In the last years, the perioperative use of levosimendan in cardiac surgery patients is spreading. Moreover, newer indications have been suggested such as the treatment of sepsis-associated myocardial dysfunction. In the present review, we discuss the most recent evidences in these settings.
Levosimendan has been seemingly confirmed to reduce mortality in patients undergoing cardiac surgery. In particular, it appears to be the only inotropic drug to have a favorable effect on survival in any clinical setting. Moreover, levosimendan has been shown to exert a cardioprotective action and to reduce acute kidney injury, renal replacement therapy, and ICU stay in cardiac surgery patients. Finally, levosimendan has been suggested to reduce mortality in patients with severe sepsis and to improve renal outcomes in critically ill patients.
Although a strong rationale likely exists to use levosimendan in the setting of perioperative and critical care medicine, evidence mainly comes from small and often poor-quality randomized clinical trials, whose results acquire significance only when pooled in meta-analyses. Moreover, some aspects related to which subgroups of patients may derive the most benefits from receiving levosimendan, to the optimal timing of administration, and to the potential adverse effects need to be further clarified. Important insights will be hopefully provided soon by the several large multicenter investigations which are currently ongoing.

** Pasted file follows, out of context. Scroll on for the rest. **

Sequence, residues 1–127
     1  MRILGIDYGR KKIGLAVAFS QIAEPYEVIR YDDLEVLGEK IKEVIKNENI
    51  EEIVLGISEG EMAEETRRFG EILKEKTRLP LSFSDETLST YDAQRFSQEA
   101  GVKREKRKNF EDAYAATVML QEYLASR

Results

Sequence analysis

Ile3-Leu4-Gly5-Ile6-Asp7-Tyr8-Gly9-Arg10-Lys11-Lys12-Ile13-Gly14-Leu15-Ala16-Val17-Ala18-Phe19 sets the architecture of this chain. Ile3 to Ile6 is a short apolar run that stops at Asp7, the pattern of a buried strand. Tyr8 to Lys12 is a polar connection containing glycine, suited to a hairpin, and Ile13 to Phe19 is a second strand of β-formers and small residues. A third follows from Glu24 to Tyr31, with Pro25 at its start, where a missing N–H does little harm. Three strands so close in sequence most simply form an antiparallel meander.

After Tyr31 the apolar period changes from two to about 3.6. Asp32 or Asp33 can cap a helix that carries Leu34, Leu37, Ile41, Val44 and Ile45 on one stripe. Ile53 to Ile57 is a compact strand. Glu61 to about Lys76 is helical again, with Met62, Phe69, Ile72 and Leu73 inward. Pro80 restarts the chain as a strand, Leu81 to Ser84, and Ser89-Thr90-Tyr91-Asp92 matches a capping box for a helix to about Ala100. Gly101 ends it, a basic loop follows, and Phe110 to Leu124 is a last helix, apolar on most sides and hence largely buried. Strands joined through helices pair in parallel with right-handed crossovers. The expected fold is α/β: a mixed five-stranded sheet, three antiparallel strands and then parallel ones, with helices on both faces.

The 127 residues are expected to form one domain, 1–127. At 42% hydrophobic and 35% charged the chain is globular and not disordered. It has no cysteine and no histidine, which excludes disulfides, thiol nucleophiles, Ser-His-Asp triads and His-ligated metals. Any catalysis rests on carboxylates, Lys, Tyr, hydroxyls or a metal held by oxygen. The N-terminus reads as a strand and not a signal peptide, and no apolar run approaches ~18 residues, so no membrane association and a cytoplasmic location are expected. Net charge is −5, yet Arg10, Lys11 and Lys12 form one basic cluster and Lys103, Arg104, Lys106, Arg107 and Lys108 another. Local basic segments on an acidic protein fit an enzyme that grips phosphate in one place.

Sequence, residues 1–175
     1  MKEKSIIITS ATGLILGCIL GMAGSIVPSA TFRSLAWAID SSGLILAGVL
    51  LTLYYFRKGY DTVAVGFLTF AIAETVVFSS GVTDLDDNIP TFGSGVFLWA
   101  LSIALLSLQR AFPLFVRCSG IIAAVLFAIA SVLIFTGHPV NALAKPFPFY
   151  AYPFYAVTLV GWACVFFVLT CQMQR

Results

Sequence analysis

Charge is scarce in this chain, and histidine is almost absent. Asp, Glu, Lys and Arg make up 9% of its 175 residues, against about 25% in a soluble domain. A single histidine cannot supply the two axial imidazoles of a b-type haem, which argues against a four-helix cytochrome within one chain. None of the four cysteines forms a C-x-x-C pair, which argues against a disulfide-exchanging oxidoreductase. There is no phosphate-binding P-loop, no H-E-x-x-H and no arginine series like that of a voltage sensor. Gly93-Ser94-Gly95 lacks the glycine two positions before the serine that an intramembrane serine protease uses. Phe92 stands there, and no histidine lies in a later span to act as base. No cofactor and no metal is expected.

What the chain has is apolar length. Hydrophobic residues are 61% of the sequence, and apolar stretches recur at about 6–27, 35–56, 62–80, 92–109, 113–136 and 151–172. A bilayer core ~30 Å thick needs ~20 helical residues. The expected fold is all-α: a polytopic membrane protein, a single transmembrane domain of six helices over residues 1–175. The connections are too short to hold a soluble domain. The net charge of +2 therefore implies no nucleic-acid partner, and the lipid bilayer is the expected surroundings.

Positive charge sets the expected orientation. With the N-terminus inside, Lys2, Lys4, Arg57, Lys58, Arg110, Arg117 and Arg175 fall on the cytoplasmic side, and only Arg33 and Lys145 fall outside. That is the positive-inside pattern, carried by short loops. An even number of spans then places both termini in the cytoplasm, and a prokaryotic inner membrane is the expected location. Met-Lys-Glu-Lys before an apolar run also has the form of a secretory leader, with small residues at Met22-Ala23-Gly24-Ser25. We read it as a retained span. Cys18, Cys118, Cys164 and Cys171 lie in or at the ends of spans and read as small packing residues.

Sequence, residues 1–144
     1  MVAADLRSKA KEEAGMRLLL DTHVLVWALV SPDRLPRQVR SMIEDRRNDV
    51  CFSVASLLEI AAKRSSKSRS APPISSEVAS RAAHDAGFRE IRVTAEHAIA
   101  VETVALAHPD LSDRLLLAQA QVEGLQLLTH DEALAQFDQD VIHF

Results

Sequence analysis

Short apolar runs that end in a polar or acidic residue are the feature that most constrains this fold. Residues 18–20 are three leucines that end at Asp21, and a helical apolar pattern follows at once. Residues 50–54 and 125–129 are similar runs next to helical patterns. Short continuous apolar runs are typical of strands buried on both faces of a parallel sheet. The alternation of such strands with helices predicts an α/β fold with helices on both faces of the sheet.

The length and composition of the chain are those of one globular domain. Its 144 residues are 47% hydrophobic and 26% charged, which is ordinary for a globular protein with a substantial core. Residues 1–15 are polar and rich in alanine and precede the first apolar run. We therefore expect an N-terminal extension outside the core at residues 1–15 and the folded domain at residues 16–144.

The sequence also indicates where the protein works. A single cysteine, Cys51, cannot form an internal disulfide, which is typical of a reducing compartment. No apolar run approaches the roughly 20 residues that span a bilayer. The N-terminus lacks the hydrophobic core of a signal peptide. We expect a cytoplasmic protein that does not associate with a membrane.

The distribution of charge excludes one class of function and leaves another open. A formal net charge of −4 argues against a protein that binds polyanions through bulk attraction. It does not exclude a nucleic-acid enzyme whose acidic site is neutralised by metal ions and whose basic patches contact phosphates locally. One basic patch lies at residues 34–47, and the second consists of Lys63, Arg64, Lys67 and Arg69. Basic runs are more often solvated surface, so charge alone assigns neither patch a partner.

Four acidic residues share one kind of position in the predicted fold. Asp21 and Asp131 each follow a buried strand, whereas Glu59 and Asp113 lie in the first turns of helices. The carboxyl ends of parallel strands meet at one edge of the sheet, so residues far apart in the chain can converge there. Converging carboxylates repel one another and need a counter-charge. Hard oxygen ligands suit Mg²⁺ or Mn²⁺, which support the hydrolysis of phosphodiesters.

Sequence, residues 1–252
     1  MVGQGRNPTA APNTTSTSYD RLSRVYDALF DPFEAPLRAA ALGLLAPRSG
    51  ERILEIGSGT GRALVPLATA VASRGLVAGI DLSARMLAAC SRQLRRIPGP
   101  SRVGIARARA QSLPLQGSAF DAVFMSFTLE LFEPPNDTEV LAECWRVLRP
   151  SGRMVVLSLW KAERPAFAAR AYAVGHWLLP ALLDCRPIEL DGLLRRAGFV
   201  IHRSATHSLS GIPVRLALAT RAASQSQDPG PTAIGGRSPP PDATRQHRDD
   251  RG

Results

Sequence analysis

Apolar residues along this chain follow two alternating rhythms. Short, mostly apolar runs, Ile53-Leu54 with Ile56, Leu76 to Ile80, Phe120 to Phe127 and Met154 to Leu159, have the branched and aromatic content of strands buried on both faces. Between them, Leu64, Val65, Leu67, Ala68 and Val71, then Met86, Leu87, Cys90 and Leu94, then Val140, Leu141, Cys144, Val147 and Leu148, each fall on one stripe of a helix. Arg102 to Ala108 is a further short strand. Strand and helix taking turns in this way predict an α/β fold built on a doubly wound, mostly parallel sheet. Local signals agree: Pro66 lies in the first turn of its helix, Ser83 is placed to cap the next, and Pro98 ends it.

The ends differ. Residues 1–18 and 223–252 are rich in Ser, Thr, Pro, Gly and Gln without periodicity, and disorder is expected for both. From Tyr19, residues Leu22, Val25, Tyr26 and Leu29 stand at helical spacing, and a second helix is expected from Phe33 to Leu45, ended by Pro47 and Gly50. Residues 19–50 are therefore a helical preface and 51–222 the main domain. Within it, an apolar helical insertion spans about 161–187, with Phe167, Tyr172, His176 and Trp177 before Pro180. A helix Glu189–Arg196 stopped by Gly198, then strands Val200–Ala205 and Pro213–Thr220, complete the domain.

aCardiac Anesthesia and Intensive Care Unit, A.O.R.N. Dei Colli, Monaldi Hospital, Naples
bDepartment of Anesthesia and Intensive Care, IRCCS San Raffaele Scientific Institute
cVita-Salute San Raffaele University, Milan, Italy
Correspondence to Giovanni Landoni, MD, Department of Anesthesia and Intensive Care, IRCCS San Raffaele Scientific Institute, Via Olgettina 60, Milano, 20132 Italy. Tel: +39 02 26436158; fax: +39 02 26436152; e-mail: firstname.lastname@example.org